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The Heirs of Columbus

Gerald Vizenor

Publication Year: 2013

"If you must read a book on Columbus," declared the Los Angeles Times in its review of The Heirs of Columbus, "this is the one." Gerald Vizenor's novel reclaims the story of Chrisopher Columbus on behalf of Native Americans by declaring the explorer himself to be a descendent of early Mayans and follows the adventures of his modern-day, mixedblood heirs as they create a fantastic tribal nation.

The genetic heirs of Christopher Columbus meet annually at the Stone Tavern at the headwaters of the Mississippi to remember their "stories in the blood" and plan their tribal nation. They are inspired by the late-night talk radio discourses of Stone Columbus, a trickster healer who became rich as the captain of the sovereign bingo barge Santa Maria Casino, anchored in the international waters of the Lake of the Woods. The heirs' plan to reclaim their heritage enrages the government and inspires the tribal nations in a comic tale of mythic proportions.

Vizenor is a mixedblood Chippewa who writes fiction in the trickster mode of Native American tradition, using humor to challenge received ideas and subvert the status quo. In The Heirs of Columbus he "reveals not only how Indians have staved off the tidal wave of assimilation," noted the San Francisco Chronicle, "but also how, through humor and persistence, they sometimes reverse the direction of cultural appropriation and, in the process, transform the alien values imposed on them."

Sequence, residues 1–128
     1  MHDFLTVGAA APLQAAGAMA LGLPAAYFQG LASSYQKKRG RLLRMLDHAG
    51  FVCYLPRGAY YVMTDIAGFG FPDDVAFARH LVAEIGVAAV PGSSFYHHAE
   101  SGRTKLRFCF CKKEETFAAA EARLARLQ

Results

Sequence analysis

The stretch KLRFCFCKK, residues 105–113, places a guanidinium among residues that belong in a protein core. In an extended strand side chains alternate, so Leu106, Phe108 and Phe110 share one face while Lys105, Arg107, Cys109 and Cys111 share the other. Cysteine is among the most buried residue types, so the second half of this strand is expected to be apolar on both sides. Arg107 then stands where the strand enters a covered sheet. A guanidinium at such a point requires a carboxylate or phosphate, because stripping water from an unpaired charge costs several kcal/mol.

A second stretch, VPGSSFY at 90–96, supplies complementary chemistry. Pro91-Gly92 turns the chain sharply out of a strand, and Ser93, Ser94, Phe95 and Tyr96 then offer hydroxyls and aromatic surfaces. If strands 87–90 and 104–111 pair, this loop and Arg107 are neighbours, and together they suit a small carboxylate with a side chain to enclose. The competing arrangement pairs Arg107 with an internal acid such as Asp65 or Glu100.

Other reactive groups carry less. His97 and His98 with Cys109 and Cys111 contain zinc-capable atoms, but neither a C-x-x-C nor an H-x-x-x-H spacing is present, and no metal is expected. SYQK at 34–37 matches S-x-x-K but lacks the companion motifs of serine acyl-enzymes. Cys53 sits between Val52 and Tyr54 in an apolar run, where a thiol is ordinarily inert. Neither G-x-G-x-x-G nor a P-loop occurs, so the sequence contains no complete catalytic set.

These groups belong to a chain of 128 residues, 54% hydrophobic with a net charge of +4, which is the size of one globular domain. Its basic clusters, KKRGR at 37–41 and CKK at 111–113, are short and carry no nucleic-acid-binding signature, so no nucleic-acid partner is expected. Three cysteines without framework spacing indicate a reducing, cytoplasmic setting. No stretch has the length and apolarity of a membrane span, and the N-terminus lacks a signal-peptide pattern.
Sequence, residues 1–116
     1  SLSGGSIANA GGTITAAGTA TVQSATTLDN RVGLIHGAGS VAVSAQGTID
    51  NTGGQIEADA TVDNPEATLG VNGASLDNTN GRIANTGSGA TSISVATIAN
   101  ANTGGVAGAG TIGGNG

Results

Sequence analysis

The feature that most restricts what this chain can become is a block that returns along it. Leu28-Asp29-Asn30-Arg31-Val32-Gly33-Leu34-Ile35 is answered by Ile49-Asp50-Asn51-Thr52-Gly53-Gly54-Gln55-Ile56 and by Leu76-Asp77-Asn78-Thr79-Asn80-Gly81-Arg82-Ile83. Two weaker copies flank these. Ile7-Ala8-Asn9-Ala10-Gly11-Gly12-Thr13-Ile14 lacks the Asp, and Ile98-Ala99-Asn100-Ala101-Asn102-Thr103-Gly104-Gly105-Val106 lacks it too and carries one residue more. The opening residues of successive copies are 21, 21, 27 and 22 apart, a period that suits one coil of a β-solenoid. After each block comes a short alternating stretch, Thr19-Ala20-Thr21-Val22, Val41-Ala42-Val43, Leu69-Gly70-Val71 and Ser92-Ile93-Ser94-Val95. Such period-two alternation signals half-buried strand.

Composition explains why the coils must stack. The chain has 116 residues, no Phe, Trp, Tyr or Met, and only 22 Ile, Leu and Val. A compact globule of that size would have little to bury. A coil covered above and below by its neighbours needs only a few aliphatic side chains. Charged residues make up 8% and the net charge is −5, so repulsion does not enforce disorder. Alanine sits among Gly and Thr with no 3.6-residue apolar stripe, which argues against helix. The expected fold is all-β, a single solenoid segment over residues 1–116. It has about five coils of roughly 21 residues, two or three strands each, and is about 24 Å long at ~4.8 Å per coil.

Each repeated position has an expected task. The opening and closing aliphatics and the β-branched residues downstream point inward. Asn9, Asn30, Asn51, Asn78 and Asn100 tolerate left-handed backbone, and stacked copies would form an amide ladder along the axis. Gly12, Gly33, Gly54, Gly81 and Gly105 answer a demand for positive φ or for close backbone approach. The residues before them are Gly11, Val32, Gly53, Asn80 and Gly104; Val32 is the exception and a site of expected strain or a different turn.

"Vizenor understands the wilder, irrational, half-mad parts of the Discoverer's soul as few people ever have," noted Kirkpatrick Sale in the Nation; "Columbus is appropriated here in an entirely new way, made to be an Indian in service to his Indian descendents." And the Voice Literary Supplement said "Even more rousing than Vizenor's deconstruction of Columbus, though, is his alternative vision of an American identity."

Published by: Wesleyan University Press

Half Title

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pp. 2-3

Title Page

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p. 4-4


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pp. 5-7


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pp. 8-9


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pp. 1-11

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Santa Maria Casino

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pp. 3-12

Christopher Columbus saw a blue light in the west, but "it was such an uncertain thing," he wrote in his journal to the crown, "that I did not feel it was adequate proof of land." That light was a torch raised by the silent hand talkers, a summons to the New World. Since then, the explorer has...

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Stone Tavern

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pp. 13-27

Truman Columbus shouts that the "dikinaagan of civilization is located at the headwaters of the gichiziibi," or the cradle board of civilization is at the Mississippi River. "Civilization started right here in our stories at the river we named the gichiziibi," she shouted that night with her back...

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Storm Puppets

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pp. 28-44

Columbus would survive the culture of death, the wicked histories of his time, the crusades, medieval colophons, burdens of shame, and morose politics of the mind, with an untold radiance. He inherited the signature of survivance and tribal stories in the blood from his mother, and...

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Conquistador Club

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pp. 45-62